On the Sunday we headed up Daylesford which is a spa town in the high country about an hour and half from Melbourne. It is a pretty place and I know if well having gone to high school there when it was just another poor red neck town. This was long before it became the trendy day trip from Melbourne. The trip was eventful with lots of people selling their wares via honesty boxes along the side of the road. Unlike many of the honesty boxes I grew up around these where a little over priced and I am guessing aimed at the day tripping city folk. Hey can’t blame them for trying.

The restaurant was a Japanese fusion restaurant and as A. and I have spent a bit of time in Japan so we were interested in what their take on the food would be.

Even though the restaurant had rated very highly in its reviews we where both underwhelmed to be honest.  Food was ok, service poor it just didn’t work for the two of us. However it was full and people seemed to enjoying themselves so maybe it was just us. For the money I would say people should pay a little bit more and go to the excellent Kobe Jones in Melbourne much better value for money. Great for a special occasion.

The day was good though spent with A.’s family the kids played with their cousins, that adults and. A. drank a ton of the plum sake (that was good). I had a nice local pilsner ale. Life can’t be too bad.

Afterwards we headed to the Chocolate mill which was very cool and well worth a visit if you are in the area. I recommend the hot chocolate with chilli on a cold day. A. also got to look at some bottle walls they had added to the building allowing her to see the finished designs in a building and what she would like to do and not do.

On the way out we looked at the community garden. I can’t believe how much Daylesford has changed in the 25 years since I went to high school there. This is a great piece of work the community garden and they should be justly proud of this thing they have created. As I drove out via the route our old school bus travelled all those years ago and saw the turbines of the two windmills I was already preparing a post in my head on how this town has changed. The pros and the cons of these changes because there always are pros and cons. More on that later.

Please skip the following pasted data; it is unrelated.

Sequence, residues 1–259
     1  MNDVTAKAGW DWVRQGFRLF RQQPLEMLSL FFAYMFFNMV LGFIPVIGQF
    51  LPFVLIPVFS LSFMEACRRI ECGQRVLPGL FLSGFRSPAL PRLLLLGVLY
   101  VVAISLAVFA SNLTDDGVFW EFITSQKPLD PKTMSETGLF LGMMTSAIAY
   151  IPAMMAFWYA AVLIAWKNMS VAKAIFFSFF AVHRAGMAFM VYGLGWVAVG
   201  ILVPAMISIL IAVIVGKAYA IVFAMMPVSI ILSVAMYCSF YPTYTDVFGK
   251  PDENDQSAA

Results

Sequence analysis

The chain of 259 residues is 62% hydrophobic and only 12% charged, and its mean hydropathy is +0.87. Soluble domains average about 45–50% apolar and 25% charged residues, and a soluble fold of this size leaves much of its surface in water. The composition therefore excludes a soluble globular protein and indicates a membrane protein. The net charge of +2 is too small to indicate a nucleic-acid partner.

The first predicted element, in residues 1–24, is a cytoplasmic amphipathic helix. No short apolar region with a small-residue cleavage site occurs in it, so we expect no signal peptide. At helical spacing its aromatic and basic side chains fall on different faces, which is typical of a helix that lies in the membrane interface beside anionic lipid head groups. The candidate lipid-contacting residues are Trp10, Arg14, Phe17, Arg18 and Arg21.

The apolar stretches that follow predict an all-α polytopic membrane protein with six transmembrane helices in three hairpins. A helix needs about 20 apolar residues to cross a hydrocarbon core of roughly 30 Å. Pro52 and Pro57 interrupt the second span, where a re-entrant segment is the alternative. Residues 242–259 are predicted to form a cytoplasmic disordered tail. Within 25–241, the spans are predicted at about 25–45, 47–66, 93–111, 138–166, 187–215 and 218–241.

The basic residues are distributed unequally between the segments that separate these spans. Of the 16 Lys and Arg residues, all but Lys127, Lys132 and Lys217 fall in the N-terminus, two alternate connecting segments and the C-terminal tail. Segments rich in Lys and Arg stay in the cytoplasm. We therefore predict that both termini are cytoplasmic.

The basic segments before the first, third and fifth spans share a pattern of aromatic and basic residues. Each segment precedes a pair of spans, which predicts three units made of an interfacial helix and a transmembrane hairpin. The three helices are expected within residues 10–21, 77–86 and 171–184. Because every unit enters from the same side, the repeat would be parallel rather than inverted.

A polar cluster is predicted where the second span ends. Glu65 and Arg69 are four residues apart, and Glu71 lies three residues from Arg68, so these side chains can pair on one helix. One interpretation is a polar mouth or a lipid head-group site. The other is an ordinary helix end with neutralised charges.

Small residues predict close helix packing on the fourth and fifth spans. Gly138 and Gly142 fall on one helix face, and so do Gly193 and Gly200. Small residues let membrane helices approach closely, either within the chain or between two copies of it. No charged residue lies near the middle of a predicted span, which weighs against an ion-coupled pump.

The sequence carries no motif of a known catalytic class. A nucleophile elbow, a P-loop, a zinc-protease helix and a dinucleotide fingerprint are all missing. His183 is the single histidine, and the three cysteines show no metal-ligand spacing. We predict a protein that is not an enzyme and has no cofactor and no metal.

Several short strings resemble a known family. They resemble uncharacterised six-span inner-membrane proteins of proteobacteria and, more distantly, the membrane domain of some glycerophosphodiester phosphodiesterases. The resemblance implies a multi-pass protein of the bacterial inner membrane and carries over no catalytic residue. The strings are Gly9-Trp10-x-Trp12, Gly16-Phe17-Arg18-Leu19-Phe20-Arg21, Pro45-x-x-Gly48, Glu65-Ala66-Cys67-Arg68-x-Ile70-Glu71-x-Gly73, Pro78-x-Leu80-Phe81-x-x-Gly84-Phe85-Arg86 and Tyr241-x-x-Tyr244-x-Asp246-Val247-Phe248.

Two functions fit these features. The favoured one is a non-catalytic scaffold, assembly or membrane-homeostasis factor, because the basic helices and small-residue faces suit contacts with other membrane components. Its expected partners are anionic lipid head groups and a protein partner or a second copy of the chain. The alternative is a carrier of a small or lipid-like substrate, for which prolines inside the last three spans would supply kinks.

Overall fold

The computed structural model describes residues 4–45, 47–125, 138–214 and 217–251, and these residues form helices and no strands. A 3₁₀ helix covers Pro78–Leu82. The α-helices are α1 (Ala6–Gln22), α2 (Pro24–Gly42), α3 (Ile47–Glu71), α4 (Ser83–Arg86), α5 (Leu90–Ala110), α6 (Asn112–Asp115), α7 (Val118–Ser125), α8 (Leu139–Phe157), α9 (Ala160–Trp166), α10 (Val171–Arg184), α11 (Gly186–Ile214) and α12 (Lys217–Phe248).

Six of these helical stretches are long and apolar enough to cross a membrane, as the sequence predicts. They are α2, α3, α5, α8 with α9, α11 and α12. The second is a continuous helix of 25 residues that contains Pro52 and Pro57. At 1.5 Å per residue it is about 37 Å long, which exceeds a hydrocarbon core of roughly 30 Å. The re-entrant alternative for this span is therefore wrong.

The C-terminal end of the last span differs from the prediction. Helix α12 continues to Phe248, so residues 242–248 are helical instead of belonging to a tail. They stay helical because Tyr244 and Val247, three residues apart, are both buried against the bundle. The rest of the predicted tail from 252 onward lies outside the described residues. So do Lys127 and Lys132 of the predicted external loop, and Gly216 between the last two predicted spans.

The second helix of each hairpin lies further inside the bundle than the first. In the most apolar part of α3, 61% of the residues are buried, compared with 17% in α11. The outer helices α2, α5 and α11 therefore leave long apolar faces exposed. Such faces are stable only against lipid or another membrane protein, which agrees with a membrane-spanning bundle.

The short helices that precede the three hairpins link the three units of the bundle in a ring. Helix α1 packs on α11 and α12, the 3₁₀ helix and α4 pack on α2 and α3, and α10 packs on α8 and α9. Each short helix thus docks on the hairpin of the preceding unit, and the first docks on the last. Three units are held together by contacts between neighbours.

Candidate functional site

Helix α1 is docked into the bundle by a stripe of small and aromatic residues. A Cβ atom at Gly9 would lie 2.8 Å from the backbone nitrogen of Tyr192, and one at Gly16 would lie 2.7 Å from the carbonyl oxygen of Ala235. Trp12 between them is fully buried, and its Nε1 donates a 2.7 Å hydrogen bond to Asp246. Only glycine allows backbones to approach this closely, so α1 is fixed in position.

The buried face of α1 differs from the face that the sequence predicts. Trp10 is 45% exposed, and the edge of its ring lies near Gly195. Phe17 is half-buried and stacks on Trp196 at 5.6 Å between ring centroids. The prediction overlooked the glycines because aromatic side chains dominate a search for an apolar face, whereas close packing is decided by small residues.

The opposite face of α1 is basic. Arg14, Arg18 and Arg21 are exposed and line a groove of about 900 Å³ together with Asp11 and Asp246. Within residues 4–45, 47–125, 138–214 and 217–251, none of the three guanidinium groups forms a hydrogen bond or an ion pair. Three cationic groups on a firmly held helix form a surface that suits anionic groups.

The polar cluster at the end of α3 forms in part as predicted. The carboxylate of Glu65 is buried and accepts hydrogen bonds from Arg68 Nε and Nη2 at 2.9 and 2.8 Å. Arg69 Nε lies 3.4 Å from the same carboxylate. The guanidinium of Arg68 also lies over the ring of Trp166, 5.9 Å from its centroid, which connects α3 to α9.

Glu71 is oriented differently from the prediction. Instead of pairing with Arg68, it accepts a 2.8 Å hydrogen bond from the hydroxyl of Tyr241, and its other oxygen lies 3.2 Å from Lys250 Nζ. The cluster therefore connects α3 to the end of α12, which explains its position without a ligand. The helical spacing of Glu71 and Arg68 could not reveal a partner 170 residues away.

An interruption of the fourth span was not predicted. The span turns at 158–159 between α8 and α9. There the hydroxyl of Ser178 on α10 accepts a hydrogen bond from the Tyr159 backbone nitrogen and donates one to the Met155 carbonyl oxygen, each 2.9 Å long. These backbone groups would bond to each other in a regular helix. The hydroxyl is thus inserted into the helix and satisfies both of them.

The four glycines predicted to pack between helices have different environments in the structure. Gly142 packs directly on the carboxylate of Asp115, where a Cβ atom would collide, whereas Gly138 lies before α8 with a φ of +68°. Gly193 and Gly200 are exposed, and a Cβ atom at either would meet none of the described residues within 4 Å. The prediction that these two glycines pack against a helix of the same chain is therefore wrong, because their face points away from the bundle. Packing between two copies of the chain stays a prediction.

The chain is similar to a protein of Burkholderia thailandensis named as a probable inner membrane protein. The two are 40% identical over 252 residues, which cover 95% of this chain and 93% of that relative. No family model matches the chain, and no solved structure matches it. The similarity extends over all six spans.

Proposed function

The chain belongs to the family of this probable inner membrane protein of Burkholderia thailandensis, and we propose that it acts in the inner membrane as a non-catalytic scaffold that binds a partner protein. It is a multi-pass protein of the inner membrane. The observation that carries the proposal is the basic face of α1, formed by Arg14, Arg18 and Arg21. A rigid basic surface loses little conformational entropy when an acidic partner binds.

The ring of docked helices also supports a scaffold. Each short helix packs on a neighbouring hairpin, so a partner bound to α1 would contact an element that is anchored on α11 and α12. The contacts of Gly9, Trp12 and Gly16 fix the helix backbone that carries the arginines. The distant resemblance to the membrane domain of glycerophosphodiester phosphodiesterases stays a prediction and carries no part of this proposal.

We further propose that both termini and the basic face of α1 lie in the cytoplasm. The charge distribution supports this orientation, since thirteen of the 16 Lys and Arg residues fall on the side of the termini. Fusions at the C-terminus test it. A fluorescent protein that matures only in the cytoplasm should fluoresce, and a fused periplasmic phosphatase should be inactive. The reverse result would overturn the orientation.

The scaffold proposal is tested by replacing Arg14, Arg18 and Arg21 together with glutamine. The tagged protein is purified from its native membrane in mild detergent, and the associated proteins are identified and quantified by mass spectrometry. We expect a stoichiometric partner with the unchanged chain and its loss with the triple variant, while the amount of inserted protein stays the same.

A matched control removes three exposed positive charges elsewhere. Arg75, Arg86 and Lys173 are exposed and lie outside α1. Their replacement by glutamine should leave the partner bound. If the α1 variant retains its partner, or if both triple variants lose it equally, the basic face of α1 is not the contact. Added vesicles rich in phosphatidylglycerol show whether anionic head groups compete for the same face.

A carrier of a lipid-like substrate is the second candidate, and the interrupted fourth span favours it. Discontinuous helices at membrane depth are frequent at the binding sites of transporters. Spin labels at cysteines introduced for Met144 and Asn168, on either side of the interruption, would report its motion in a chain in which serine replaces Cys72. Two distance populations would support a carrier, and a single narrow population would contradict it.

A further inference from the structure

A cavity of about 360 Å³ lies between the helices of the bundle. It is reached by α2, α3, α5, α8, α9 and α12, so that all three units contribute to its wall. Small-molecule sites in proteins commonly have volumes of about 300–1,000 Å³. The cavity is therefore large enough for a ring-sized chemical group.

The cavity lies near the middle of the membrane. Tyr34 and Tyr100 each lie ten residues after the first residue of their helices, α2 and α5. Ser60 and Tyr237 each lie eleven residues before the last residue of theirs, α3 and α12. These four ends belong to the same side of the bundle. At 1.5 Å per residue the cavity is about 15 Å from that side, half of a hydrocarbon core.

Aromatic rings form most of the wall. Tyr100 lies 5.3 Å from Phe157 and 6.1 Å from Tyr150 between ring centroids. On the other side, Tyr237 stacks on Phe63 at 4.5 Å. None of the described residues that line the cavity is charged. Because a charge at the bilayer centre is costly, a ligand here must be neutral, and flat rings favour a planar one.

The final part of the weekend was visit to my parents place. Just a quick visit as we were quite close to my parents place they like to see the kids and all I have to hear is ‘PAAAAA…’ as my daughter ran to her grandfather and  gave him a big hug to know that this was the exactly the right thing to do. Family is the most important thing in the world

As I sat and ate a simple dumpling soup my mother had made I must admit that as uncool as it is I liked this simple meal a lot better than the Japanese.

Yep my life is hard … better hand me another bit of that cheese and pear paste to tide me over.

Have a great rest of the week all.

 Recipe for drunken baked omelette.

  • One large onion
  • 4-5 gloves of garlic crushed (as much as you want really)
  • 1 Red or green capsicum/sweet pepper
  • Some bacon fat and/or a bit of vegetable oil
  • Handful of mushrooms quartered
  • Handful of small tomatoes quartered
  • Handful of spinach leaves
  • Cup of milk
  • 10 eggs
  • ½ cup of crated parmesan cheese
  • Teaspoon of fresh ground chilli
  • Salt and pepper

In large enamelled or heavy base frypan that you can put in an oven or under a grill fry the bacon fat/oil onion, garlic, capsicum till just softening. Add mushrooms and tomatoes and when they are cooked throw on the spinach leaves till wilt and add the chilli. Stir through

While the other ingredients are cooking mix eggs and milk with salt and pepper to taste with a fork till a little frothy.

Once the spinach has wilted add the egg mix has cooked for about 4 minutes then sprinkle parmesan (or another cheese) on top and put in a preheated hot oven for around 15 minutes or until eggs are cooked through. Serve with a nice green salad, some fried bacon and bread.